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Schoolgirl Mia Janin, 14, took own life after 'relentless bullying' as boys tormented her online and in playground
26 January 2024, 15:41 | Updated: 26 January 2024, 15:47
Schoolgirl Mia Janin took her own life after suffering relentless bullying from boys at school, an inquest has concluded.
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The 14-year-old pupil at the Jewish Free School (JFS) in north west London was found dead at her family home in Harrow on March 12 2021.
Her family released a voice note she sent on WhatsApp to a friend that month, when she was about to return to school after lockdown, which said: "Tomorrow's going to be a rough day, I'm taking deep breaths in and out.
"I'm currently mentally preparing myself to get bullied tomorrow."
She was last seen alive by her parents as she said goodnight to them at 10pm on March 11 2021.
Mariano Janin, her father, has now said his life "is gone", having had Mia taken from him and later lost his wife Marisa to an aneurysm after she got leukaemia.
"I'm still alive, physically, I have a heartbeat - but in other ways, my life is gone," he says.
"I will never see my beautiful daughter grow up. I will never meet her kids, her grandchildren. There's no future for me, there's no future."
Mia's inquest at Barnet Coroner's Court heard how a group of boys picked on her in class, on buses and at home.
Male pupils kicked footballs at her and her friends, who were branded "Suicide Squad" by bullies.
A Snapchat group chat called "Panacha", which contained more than 60 boys from JFS and potentially other schools, was known to other children.
The boys used it to post photos of girls at the school to superimpose their faces on porn stars' bodies to mock them, and would share nude photos of female classmates after pressuring them to share images.
Mia and her friends never saw the chat but knew they were targeted because it was brought up by boys at the school.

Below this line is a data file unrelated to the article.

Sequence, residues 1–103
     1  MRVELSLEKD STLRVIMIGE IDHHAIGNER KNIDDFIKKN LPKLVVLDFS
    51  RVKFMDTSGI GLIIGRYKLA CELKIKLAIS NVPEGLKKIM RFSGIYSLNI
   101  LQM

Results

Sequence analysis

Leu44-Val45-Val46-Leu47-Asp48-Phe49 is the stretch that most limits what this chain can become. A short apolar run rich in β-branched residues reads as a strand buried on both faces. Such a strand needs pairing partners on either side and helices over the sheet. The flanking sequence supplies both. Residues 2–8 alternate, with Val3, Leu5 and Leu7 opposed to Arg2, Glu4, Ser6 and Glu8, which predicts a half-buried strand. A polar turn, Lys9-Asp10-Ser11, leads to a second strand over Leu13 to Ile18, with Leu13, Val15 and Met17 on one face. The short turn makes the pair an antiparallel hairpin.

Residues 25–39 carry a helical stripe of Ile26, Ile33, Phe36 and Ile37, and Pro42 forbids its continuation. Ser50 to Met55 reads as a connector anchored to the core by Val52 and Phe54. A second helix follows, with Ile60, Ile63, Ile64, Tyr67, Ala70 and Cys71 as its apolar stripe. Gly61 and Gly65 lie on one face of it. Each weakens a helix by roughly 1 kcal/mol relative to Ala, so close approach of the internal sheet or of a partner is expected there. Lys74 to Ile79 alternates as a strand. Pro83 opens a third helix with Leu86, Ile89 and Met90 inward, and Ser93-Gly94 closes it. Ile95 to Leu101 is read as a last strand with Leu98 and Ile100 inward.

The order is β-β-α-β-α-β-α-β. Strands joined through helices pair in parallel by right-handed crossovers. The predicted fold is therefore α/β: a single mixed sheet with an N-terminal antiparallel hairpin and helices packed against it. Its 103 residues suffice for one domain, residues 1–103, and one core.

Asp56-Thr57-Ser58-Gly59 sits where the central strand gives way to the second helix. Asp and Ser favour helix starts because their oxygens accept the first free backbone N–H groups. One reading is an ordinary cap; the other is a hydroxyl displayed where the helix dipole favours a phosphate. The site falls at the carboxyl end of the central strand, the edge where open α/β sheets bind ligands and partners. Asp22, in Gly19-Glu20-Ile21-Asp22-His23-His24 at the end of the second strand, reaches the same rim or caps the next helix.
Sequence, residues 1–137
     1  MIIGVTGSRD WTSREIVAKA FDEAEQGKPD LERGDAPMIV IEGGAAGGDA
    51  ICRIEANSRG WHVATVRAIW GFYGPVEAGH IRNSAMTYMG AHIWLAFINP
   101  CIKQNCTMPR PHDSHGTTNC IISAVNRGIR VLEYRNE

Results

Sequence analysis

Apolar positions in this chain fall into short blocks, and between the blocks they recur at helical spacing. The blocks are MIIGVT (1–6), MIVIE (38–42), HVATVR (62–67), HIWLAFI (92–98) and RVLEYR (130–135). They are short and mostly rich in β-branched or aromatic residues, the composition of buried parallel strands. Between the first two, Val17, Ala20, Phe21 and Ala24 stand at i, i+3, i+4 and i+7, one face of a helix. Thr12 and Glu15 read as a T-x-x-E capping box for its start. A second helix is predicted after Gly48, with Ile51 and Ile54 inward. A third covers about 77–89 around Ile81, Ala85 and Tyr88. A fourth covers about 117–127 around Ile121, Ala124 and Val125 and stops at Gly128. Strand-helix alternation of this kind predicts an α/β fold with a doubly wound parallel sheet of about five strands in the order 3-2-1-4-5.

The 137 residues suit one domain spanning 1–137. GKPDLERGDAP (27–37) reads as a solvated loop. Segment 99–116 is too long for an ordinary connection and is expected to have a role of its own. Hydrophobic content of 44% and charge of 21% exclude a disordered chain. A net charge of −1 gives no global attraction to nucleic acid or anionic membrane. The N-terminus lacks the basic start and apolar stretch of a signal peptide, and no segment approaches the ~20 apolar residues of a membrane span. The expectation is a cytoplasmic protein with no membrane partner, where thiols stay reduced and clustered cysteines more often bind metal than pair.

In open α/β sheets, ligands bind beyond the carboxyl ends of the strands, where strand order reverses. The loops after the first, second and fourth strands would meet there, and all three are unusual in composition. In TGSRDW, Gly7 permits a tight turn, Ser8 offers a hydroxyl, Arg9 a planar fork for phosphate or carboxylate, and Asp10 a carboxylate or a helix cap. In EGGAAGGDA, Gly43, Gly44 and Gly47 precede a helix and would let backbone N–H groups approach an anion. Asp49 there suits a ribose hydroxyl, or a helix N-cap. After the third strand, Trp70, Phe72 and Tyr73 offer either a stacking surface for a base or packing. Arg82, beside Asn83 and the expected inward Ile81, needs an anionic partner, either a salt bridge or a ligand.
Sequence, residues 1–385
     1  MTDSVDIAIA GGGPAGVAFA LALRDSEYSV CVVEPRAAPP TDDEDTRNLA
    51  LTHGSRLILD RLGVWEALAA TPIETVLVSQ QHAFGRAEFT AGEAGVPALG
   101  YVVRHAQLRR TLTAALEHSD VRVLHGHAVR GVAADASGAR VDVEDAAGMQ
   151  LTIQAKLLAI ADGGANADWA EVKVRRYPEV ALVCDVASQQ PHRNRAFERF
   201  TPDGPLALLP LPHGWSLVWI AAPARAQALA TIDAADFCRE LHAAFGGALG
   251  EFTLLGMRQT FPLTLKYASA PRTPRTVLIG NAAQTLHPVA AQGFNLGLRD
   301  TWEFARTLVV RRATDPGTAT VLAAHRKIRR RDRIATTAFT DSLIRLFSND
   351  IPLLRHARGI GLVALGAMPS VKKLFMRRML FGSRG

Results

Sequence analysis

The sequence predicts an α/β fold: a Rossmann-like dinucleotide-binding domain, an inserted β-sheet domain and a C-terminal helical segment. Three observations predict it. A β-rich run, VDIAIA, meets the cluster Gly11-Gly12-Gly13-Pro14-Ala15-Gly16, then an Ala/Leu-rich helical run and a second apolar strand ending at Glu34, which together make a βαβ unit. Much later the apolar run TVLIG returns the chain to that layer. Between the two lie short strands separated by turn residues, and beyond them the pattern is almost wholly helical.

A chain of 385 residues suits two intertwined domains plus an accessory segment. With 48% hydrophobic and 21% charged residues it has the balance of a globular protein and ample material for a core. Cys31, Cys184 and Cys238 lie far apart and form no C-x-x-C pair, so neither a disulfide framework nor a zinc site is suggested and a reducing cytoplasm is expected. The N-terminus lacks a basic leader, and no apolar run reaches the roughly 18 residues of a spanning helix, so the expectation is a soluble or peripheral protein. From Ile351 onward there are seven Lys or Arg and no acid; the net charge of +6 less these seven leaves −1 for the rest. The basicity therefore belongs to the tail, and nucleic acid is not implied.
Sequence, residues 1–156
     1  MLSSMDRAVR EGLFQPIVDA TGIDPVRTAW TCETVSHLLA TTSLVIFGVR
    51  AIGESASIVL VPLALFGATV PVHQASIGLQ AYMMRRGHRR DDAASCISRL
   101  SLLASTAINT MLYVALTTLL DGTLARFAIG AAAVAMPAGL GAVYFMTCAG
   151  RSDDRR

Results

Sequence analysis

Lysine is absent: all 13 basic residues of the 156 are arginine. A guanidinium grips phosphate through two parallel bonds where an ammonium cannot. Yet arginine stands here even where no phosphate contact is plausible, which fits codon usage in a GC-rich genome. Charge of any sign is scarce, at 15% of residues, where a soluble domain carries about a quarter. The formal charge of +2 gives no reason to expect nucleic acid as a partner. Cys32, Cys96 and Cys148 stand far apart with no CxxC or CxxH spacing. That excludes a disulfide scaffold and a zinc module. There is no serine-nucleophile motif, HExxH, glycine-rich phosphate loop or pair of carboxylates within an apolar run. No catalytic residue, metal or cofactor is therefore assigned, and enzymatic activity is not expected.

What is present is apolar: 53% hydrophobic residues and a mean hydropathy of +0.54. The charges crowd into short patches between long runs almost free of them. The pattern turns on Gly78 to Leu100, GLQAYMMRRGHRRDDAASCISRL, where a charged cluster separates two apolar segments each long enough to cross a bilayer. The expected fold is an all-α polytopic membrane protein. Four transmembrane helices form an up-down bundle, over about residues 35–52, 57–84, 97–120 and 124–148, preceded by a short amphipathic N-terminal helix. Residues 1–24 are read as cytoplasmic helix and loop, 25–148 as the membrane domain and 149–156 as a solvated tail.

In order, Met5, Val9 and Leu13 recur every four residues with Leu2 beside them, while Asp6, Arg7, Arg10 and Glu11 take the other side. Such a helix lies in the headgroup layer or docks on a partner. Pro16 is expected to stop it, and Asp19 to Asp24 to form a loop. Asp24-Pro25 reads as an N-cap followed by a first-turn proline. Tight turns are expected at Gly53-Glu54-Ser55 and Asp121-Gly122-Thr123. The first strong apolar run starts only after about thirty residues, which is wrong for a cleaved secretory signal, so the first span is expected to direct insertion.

Martha Gentely, Mia's friend, said the Year 10 pupil was "very headstrong" about it but the bullying was "relentless".
However, North London coroner Tony Murphy previously said no evidence had emerged that images of Mia had been shared in the chat apart from one TikTok video.
She posted the TikTok before her deathm criticising two of her bullies, and that was shared to the Snapchat group - leaving her anxious. She sent the WhatsApp voice note after hearing about it being shared.
Mia had asked her parents if she could move school when she got home on March 11. Marisa said she could be homeschooled for the rest of that academic year and they could look into moving her after.
But Marisa discovered Mia's body at 6.50am on March 12 2021. She had hanged herself.
Two letters were left behind to her family and friends which said she had decided to take her own life.
The former JFS deputy head Rabbi Howard Cohen said there was "some talk" at the school about "boys-only bravado groups" sharing images of girls, but there was no reason to believe they were related to Mia.
He spoke to members of one group chat who disbanded it.
Mr Murphy said: "Mia's secondary school has introduced systemic changes following her death.
"Mia is much missed by her loving family, caring friends and the wider community."
Those feeling distressed or suicidal can call Samaritans for help on 116 123 or email email@example.com in the UK. In the US, call the Samaritans branch in your area or 1 (800) 273-TALK